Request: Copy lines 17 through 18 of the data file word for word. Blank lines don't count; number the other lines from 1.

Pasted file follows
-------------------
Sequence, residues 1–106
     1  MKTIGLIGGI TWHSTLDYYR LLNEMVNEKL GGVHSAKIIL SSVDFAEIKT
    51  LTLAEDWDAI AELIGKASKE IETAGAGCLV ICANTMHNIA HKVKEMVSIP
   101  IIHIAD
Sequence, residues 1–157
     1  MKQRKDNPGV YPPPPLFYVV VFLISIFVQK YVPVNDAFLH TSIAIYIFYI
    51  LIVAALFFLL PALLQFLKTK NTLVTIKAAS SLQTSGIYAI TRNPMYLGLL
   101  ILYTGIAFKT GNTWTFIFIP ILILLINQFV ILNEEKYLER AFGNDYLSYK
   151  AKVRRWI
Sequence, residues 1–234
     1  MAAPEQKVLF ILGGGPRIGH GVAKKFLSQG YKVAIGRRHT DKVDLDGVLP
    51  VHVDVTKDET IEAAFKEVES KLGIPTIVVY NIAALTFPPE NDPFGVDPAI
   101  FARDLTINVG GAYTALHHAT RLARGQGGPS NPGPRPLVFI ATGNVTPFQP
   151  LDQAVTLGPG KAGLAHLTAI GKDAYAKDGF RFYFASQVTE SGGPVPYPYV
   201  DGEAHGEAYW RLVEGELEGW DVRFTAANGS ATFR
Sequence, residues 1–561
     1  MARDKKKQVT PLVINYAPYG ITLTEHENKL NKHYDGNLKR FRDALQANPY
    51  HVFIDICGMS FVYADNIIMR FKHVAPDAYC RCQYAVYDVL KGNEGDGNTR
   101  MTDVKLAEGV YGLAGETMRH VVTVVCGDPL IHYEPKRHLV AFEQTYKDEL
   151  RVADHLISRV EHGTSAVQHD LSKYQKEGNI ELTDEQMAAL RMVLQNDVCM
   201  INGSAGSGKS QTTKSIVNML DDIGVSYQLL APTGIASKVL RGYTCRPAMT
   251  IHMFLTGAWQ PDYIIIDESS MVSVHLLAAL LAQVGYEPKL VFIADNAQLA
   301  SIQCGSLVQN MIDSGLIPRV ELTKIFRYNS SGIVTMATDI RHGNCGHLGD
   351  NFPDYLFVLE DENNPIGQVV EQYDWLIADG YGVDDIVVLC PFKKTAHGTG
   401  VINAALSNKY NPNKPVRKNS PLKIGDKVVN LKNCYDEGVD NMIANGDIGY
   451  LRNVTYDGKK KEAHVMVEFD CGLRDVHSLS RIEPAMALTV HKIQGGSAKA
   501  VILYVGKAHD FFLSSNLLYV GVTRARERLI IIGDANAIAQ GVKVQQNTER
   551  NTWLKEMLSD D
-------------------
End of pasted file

     1  MARDKKKQVT PLVINYAPYG ITLTEHENKL NKHYDGNLKR FRDALQANPY
    51  HVFIDICGMS FVYADNIIMR FKHVAPDAYC RCQYAVYDVL KGNEGDGNTR